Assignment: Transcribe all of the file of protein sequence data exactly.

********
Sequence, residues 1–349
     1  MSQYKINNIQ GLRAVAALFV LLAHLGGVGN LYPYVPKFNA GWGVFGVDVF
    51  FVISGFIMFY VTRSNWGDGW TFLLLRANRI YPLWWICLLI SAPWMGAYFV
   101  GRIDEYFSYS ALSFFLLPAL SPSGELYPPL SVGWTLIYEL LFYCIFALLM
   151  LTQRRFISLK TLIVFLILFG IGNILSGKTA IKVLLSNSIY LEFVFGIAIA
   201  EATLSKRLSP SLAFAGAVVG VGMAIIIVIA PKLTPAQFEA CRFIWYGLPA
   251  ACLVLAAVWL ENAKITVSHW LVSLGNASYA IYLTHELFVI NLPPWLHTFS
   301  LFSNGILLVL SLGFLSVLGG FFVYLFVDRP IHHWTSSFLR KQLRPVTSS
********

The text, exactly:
Sequence, residues 1–349
     1  MSQYKINNIQ GLRAVAALFV LLAHLGGVGN LYPYVPKFNA GWGVFGVDVF
    51  FVISGFIMFY VTRSNWGDGW TFLLLRANRI YPLWWICLLI SAPWMGAYFV
   101  GRIDEYFSYS ALSFFLLPAL SPSGELYPPL SVGWTLIYEL LFYCIFALLM
   151  LTQRRFISLK TLIVFLILFG IGNILSGKTA IKVLLSNSIY LEFVFGIAIA
   201  EATLSKRLSP SLAFAGAVVG VGMAIIIVIA PKLTPAQFEA CRFIWYGLPA
   251  ACLVLAAVWL ENAKITVSHW LVSLGNASYA IYLTHELFVI NLPPWLHTFS
   301  LFSNGILLVL SLGFLSVLGG FFVYLFVDRP IHHWTSSFLR KQLRPVTSS